How in­tel­li­gent in­vest­ing builds wealth

Lesotho Times - - Property -

RE­GARD­LESS of the as­set class you choose to in­vest in, ex­perts and an­a­lysts will al­ways point out that one of the most im­por­tant fun­da­men­tals of in­vest­ment suc­cess is a longterm in­vest­ment hori­zon. There are many valid rea­sons why a long-term per­spec­tive al­lows for in­tel­li­gent in­vest­ing.

This is ac­cord­ing to Dr Koos du Toit, CEO of P3 In­vest­ment Group, who says firstly, a long-term per­spec­tive cul­ti­vates dis­ci­pline and the abil­ity to de­lay short-term grat­i­fi­ca­tion in favour of achiev­ing more im­por­tant long-term ob­jec­tives.

Dr du Toit says, for ex­am­ple, a long-term per­spec­tive makes it far eas­ier to save for fu­ture goals and large pur­chases, while avoid­ing un­nec­es­sary spend­ing on con­sum­ables and gad­gets that do not in­crease in value over time.

“In par­tic­u­lar, a long-term per­spec­tive dis­cour­ages the use of ex­pen­sive, short-term debt like credit cards, store ac­counts and per­sonal loans to fund pur­chases, which has trapped many South Africans in a spi­ral of debt that leaves lit­tle spare cash to in­vest.”

Dr du Toit says this doesn’t mean that in­vestors never use debt. With a solid, longterm per­spec­tive, in­vestors can use debt in­tel­li­gently to achieve their long-term goals.

This in­volves longer-term debt that is avail­able at much lower in­ter­est rates, like a home loan, which al­lows in­vestors to ac­quire as­sets such as prop­erty, ed­u­ca­tion or col­lectibles that in­crease in value over time and raise their in­come-earn­ing abil­ity in the fu­ture.

In in­vest­ment cir­cles, he says the in­tel- ligent use of debt to build wealth is called ‘gear­ing’ or ‘lever­ag­ing’.

A long-term per­spec­tive fur­ther en­sures that in­vestors do not re­act to short-term volatil­ity in the mar­kets. Dr du Toit says one of the great­est in­vest­ment pit­falls most in­vestors face is their own hu­man na­ture which, in fi­nan­cial cir­cles is known as ‘in­vestor risk’.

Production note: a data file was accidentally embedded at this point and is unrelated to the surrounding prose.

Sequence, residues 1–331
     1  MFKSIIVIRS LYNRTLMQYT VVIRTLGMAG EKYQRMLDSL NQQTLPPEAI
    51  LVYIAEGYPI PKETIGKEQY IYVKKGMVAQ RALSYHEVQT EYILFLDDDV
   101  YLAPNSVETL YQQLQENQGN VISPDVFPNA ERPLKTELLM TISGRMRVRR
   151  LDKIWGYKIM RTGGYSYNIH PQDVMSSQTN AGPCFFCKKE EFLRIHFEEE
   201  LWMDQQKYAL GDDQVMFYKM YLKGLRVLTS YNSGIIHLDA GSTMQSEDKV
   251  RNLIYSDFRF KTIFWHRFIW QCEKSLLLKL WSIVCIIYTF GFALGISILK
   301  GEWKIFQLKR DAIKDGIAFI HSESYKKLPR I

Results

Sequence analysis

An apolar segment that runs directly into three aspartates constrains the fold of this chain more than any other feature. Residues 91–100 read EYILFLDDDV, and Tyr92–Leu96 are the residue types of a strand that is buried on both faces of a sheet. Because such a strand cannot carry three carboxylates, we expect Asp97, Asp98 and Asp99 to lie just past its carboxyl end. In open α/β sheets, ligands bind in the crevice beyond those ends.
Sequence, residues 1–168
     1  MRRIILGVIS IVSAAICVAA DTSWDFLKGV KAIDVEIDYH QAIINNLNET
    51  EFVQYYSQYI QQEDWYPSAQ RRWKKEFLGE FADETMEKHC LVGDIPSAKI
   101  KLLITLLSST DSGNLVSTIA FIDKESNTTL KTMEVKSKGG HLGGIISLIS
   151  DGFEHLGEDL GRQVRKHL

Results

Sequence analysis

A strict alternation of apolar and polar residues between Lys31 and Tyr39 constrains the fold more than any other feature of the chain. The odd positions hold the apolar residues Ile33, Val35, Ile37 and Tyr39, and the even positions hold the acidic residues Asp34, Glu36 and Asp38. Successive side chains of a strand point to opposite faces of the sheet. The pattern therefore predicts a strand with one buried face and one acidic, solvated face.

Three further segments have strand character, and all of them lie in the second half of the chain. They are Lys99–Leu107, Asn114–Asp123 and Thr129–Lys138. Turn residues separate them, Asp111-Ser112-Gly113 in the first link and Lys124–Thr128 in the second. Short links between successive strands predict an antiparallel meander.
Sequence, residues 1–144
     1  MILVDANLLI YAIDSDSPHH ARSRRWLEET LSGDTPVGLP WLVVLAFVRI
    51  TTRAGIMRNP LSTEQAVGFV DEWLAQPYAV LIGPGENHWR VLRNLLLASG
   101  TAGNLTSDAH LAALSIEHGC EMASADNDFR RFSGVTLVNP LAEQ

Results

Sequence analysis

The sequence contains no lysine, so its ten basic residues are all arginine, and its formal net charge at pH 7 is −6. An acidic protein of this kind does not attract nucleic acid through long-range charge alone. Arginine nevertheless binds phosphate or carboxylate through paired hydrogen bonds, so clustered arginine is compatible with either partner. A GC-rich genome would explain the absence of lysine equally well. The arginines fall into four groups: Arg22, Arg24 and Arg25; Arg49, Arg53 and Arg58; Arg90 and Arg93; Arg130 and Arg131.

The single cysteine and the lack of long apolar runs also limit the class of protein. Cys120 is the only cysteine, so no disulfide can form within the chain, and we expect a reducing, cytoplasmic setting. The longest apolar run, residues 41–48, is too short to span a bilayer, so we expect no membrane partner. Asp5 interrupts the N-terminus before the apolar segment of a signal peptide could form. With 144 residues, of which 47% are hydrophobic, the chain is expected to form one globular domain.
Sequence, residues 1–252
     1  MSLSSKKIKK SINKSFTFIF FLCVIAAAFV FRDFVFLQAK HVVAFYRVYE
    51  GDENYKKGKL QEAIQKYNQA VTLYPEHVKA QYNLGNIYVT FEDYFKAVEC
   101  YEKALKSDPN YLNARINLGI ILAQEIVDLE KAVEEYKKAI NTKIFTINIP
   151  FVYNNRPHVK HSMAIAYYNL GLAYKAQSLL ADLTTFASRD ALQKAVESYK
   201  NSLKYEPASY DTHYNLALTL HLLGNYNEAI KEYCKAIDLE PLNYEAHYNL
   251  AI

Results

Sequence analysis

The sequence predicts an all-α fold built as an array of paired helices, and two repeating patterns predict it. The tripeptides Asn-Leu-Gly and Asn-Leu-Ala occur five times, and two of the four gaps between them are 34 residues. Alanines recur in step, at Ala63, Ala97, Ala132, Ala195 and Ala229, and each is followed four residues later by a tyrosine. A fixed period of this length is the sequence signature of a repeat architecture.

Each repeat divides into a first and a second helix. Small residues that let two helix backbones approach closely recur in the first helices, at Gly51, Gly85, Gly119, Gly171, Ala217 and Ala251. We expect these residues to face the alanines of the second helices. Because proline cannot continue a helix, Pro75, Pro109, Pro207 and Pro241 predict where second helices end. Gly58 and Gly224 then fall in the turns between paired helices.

It refers to the fact that in­vestors are of­ten swayed by emo­tion, rang­ing from wild op­ti­mism to sheer panic, which re­sults in buy­ing high, sell­ing low, get­ting the tim­ing wrong or aban­don­ing long-term in­vest­ment strate­gies in re­sponse to short-term mar­ket fluc­tu­a­tions.

The re­sult of this type of emo­tional in­vest­ment de­ci­sion-mak­ing is that in­vestors of­ten sell at a loss and then miss the re­cov­ery, which would have seen them re­coup their losses.

Dr du Toit says many in­vest­ment ad­vi­sors and ex­perts warn in­vestors not to over­re­act to short-term volatil­ity and to stick to their long-term plans, be­cause over the long term, the short-term volatil­ity is smoothed out and the long-term trends be­gin to yield re­sults.

“So, in­stead of bas­ing their in­vest­ment de­ci­sions on short-term events that af­fect the mar­kets daily, in­tel­li­gent in­vestors heed this sage ad­vice and stick to their long-term in­vest­ment plans based on the real long-term trends over a 10 or 20 year pe­riod,” he says.

A long-term per­spec­tive will also in­flu­ence an in­vestor’s as­set choices. Many so-called ex­perts ad­vise against prop­erty in­vest­ment, based on the fact that prop­erty is an illiq- uid as­set that can­not be con­verted into cash quickly, as is pos­si­ble with, for ex­am­ple, shares or short-term fixed d de­posits.

How­ever, in­vestors withth a long-term per­spec­tive do not con­sider the he illiq­uid na­ture of prop­erty as­sets as a draw­back.wback. In fact, they con­sider it a sig­nif­i­cant ben­e­fit, pro­tect­ing them against ‘in­vestor risk’ isk’ and poor de­ci­sion-mak­ing based on short-term hort-term volatil­ity.

Fur­ther­more, Dr du Toit says in­tel­li­gent in­vestors un­der­stand der­stand that while the growth inn prop­erty val­ues may well fluc­tu­ate uc­tu­ate over the short term, a well-mainl-main­tained prop­erty in a well-se­lect­ed­s­e­lected area will al­ways in­crease in value over the long term.

In fact, he says over thehe last 20 years, the av­er­age price of a house has dou­bled, bu­tut only those who in­vested in prop­erty rop­erty with a long-term per­spec­tive spec­tive would have ben­e­fited from this in­crease in value.

“In our ex­pe­ri­ence, a di­rect in­vest­ment in prop­er­tyty is un­doubt­edly one of thehe best in­vest­ments thosee with a long-term per­spec- tive can make,” he says. — Prop­erty24

A WELL-MAIN­TAINED prop­erty in a well-se­lected area will al­ways in­crease in value over the long term.

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